“Dark Fantasy” was my long, backhanded apology. You know how people give a backhanded compliment? It was a backhanded apology. It was like, all these raps, all these sonic acrobatics. I was like: “Let me show you guys what I can do, and please accept me back. You want to have me on your shelves.”
The question becomes, then, if Fantasy was just a “backhanded apology,” does that make Yeezus an un-apology?
In the year leading up to Fantasy, Kanye interned with Fendi, where he began to plant the seeds for his eventual Yeezy line. In various interviews afterward, the fashion icon felt “marginalized” by the industry for not taking his ideas seriously. “Exclusivity is the new n-word,” he told Zane Lowe, long before his comments on racism abruptly ended his Saint Pablo Tour, sparking an era that fans and critics are still not quite sure what to do with. Yet simultaneous with his fashion endeavors following Fantasy, Kanye began to sow the seeds for Yeezus, a 10-song diatribe against the fashion industry, corporations, elitists of any kind, and apologies of any variety.
On an SNL appearance soon after his projections of “New Slaves,” Kanye debuted “Black Skinhead,” which takes aim at everyone who might take aim at Kanye, from the conservative religious to the racist. The media-deemed—and now self-appointed—monster was doubling down on his devotion to being a “menace.”
After winning fans and critics back with Fantasy, Yeezus seemed—and still seems—to be a willful act of self-sabotage. After apologizing and making amends, what is a provocateur to do? What mountain is left to climb when you’ve hit rock bottom, then ascended again? If you let Ye tell it, “As soon as they like you, make ‘em un-like you.” Un-apologizing becomes the only feasible route, short of giving up provocation altogether.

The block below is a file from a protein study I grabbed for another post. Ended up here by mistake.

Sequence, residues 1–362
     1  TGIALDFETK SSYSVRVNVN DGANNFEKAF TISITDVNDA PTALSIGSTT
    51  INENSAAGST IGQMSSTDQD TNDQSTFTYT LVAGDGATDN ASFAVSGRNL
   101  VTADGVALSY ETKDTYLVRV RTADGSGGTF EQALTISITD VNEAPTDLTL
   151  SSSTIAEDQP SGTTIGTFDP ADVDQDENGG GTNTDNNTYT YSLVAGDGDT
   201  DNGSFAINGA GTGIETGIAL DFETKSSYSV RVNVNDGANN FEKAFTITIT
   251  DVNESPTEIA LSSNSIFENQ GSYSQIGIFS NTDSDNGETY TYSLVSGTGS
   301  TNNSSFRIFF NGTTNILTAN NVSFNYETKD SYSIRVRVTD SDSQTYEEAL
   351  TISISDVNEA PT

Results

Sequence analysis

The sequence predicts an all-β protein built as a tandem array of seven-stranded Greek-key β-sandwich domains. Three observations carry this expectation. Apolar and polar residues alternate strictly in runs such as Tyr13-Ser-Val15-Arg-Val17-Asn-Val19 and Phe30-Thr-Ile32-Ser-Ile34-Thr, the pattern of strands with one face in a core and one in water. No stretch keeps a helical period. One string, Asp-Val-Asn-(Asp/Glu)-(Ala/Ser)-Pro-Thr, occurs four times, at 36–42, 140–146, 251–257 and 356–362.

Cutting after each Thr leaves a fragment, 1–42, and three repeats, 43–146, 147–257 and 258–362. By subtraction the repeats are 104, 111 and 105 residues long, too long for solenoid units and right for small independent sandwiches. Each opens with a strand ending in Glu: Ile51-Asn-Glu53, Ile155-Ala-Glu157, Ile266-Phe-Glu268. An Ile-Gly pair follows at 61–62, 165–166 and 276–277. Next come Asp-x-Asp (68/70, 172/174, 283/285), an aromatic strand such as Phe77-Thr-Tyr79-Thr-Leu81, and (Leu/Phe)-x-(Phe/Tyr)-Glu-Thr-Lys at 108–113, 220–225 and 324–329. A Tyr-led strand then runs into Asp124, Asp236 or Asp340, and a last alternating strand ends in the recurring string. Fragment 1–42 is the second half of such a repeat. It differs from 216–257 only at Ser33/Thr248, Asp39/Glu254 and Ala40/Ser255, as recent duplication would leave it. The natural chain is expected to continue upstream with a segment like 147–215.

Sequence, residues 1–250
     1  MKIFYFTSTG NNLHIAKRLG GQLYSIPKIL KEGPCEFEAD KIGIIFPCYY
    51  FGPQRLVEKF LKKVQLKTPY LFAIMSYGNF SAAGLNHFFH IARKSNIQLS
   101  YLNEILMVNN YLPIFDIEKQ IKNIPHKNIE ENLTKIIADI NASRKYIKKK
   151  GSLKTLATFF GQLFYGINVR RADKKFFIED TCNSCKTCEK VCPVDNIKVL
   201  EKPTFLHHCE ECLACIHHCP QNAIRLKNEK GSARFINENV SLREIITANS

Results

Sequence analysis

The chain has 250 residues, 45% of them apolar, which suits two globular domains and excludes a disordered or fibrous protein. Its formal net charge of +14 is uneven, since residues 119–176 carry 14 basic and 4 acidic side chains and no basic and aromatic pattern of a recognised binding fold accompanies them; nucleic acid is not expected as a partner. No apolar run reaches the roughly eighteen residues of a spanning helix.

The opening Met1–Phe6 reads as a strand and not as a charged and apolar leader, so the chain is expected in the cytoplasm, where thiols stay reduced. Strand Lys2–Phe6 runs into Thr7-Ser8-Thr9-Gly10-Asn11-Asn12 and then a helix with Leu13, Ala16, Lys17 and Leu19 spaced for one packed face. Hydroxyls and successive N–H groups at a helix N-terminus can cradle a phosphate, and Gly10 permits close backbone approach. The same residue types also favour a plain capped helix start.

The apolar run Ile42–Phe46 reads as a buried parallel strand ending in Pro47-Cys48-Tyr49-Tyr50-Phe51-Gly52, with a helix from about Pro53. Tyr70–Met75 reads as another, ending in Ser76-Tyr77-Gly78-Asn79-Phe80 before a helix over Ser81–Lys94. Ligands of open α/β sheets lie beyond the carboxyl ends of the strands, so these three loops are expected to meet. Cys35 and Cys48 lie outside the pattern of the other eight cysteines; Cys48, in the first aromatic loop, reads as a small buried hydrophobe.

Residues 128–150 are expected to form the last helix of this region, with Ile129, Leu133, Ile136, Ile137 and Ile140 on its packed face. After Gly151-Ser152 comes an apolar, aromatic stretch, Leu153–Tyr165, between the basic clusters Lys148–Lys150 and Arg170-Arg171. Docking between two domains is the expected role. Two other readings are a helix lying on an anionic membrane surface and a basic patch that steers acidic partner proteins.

That lyric is often read at face value, which is maybe all that Kanye meant by it: now that you have their approval, lose it again. Chew it up and spit it back.
But read another way, there is an element of self-isolation, in that Kanye’s fans—a cultish group made in his image (“If you’re a Kanye West fan, you’re not a fan of me, you’re a fan of yourself,” as he said at the time)—want to resonate with him, and Yeezus literally strikes a tone of discord from the slasher film opening of “On Site.” He at once calls his followers to him and keeps them at arm’s distance.
“So you want to be like me?” the self-projected god asks. “You are unlike me.” How else would Kanye be Kanye, and all that name brings with it into a room? Fans have often seen Kanye as a man of the people, and he agrees to some extent, but on Yeezus, his tone is ominous—he does not live in our midst. He told The Breakfast Club that he knew listeners would have loved to hear “Blood On the Leaves” start the album, but the point was not comforting. Yeezus is conflict, contradiction, and no certain conclusions.
In his interview with The New York Times, Jon Caramanica nods to this self-projection: “One of the things that you’ve thrived on over the years is sort of a self-conception as an outsider, that you’re fighting your way in. Do you still, in this moment, feel like that?” Kanye replies, “No, I don’t think I feel like that anymore. I feel like I don’t want to be inside anymore. Like, I uninvited myself.”